The Louisiana flooding has displaced many, including furry friends. While we sit and watch the impact of the ravaging waters on homes, businesses, and towns, the news is also full of how the animals are being affected by the conditions. The Red Cross has marked this as one of the worst natural disasters since Hurricane Sandy, and the animal rescue community has come together to help out those without a voice. If you’re interested in helping out an animal shelter or rescue organization with the aftermath of the Louisiana floods, here’s how.
Companion Animal Alliance of Baton Rouge is currently serving as a temporary shelter for animals who have been displaced by the flooding, taking in as many as 90 animals. The city-run shelter is keeping all of these pets for 10 to 30 days in hopes of locating their owners. Companion Animal Alliance is already a rescue shelter and may be overwhelmed with these new additions. Donations can be mailed to the shelter or given on their website. The shelter is need of blankets, leashes crates, pet food, and more, if you live near the area. You can also make a purchase on Amazon using Amazon Smile and choose Companion Animal Alliance as the beneficiary.
Unfortunately, Tangi Humane Society, a local no-kill shelter run by volunteers, was flooded and lost everything. They’re in need of donations to their GoFundMe, and you can also send PayPal donations to [email protected]m.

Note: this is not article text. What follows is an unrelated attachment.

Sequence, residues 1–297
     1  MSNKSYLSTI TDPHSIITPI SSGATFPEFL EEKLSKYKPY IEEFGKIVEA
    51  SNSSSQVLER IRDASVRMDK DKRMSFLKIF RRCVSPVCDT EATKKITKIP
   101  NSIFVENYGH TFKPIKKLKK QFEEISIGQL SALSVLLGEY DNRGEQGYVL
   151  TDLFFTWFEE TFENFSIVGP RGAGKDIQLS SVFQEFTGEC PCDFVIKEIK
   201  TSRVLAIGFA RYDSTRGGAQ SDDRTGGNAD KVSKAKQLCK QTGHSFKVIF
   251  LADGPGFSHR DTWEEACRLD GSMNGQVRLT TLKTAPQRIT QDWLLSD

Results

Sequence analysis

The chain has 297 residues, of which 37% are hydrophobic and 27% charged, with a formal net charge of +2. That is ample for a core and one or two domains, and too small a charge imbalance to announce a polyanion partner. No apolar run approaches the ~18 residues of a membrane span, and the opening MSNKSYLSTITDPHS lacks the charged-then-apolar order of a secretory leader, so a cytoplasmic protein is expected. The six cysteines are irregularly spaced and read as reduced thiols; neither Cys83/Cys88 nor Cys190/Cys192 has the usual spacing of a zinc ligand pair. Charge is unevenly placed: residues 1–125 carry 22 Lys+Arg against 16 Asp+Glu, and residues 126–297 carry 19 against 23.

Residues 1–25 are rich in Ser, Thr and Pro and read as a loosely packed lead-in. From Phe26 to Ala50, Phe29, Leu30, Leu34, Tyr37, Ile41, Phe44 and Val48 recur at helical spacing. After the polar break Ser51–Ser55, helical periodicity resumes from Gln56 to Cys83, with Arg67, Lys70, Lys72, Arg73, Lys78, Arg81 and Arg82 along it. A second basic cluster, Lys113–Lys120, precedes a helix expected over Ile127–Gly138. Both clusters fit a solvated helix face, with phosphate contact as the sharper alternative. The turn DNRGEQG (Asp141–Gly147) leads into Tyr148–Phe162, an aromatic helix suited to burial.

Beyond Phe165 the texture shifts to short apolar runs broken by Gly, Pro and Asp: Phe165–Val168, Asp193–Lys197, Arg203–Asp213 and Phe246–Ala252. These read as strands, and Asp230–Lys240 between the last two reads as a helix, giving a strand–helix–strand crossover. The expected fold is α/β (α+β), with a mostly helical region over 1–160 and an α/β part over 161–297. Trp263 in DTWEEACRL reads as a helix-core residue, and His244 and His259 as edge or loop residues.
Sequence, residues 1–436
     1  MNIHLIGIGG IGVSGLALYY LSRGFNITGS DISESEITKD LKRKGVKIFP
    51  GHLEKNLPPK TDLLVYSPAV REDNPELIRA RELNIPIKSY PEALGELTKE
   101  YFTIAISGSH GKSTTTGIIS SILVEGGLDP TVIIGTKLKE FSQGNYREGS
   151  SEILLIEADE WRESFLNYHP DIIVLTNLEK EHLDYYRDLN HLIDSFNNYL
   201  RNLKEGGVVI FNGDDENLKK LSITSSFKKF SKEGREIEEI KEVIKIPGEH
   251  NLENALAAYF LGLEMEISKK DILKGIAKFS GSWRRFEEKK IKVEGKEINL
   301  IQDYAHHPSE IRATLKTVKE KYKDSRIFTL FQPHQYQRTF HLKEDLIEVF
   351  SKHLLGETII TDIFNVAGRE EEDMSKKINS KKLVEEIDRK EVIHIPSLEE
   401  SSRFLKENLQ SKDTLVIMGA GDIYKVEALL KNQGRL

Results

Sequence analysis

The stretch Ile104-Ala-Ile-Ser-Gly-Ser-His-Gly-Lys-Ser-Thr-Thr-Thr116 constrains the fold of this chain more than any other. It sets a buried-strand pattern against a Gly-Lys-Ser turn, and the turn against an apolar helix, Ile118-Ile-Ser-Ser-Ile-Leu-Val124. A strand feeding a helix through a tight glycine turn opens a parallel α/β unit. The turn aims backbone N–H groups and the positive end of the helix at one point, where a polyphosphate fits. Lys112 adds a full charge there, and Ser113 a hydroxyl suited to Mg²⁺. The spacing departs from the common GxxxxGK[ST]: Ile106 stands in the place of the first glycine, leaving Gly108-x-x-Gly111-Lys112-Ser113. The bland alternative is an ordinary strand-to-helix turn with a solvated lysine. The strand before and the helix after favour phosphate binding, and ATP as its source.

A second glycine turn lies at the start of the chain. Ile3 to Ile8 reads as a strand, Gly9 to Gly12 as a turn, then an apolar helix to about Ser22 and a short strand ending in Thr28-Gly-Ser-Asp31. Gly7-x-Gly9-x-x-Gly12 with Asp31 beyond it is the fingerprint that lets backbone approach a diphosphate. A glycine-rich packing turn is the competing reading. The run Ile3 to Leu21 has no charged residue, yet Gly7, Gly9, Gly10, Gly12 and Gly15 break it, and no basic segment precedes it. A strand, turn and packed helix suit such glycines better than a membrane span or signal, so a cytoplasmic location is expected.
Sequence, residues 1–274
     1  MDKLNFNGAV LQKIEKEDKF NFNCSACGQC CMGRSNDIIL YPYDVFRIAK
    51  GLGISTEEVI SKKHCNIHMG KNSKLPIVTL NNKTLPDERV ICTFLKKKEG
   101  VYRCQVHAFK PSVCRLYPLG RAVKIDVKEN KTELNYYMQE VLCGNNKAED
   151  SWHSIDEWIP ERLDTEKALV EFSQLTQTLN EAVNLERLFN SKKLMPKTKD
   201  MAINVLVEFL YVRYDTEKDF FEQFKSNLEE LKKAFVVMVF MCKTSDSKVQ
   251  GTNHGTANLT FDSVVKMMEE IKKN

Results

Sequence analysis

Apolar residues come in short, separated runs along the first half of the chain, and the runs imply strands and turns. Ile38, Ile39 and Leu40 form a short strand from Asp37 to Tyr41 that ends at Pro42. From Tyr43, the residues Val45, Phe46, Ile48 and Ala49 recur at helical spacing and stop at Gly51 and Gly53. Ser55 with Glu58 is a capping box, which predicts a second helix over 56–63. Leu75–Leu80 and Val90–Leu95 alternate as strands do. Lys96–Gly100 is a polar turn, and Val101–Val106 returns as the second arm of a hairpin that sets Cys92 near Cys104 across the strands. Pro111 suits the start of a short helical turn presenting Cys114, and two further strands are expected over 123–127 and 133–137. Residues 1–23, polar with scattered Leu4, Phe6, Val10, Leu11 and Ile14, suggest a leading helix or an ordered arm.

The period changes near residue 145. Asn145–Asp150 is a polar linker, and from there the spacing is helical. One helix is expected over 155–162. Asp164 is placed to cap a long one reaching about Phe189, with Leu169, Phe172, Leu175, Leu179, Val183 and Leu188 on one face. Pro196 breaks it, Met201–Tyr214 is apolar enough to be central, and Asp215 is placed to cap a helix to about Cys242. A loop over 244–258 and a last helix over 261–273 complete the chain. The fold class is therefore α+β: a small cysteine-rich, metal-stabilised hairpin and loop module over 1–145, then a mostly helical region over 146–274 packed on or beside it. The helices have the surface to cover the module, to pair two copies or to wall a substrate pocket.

Denham Springs Animal Shelter was also flooded, but luckily PetCo is matching the dollar amount raised on their GoFundMe up to $50,000. The shelter was nearly destroyed, and will need extensive repair. You can donate on their GoFundMe. The shelter’s Amazon wishlist will soon be replinshed with new needs as well.
Jefferson Parish Animal Shelter is currently running as a LASPCA back-up shelter and is swamped with animals. You can make a donation online or mail one. NOLA.com reports that the shelter is in need of temporary foster parents, leashes, treats, pet food, toys and more. Livingston SPCA also needs donations to replenish their supplies and medicine, as well as new foster parents. You can Donate online or contact the factility to find out how to be a foster parent.
Dogs and other animals are also living with their owners in shelters in Louisiana, and you can reach out and contact the shelters to see if they’re in need of anything as well. Livestock such as horses and sheep have also been affected by the flooding, and are being housed in areas like Lamar Dixon Expo Center, along with their owners, after their homes were destroyed by the water. The Louisiana State Animal Response Team is collecting donations for these animals, and you can make financial contributions online at their website.
Hurricane Katrina changed the way animals are rescued in an emergency, when Congress passed the Pets Evacuation and Transportation Standards Act of 2006, which let animals be considered in rescue plans of households, however, animals still need our help. Despite the tireless efforts of volunteers wading through the streets to rescue the animals, there’s always more you can do and I hope these gave you a few places to start.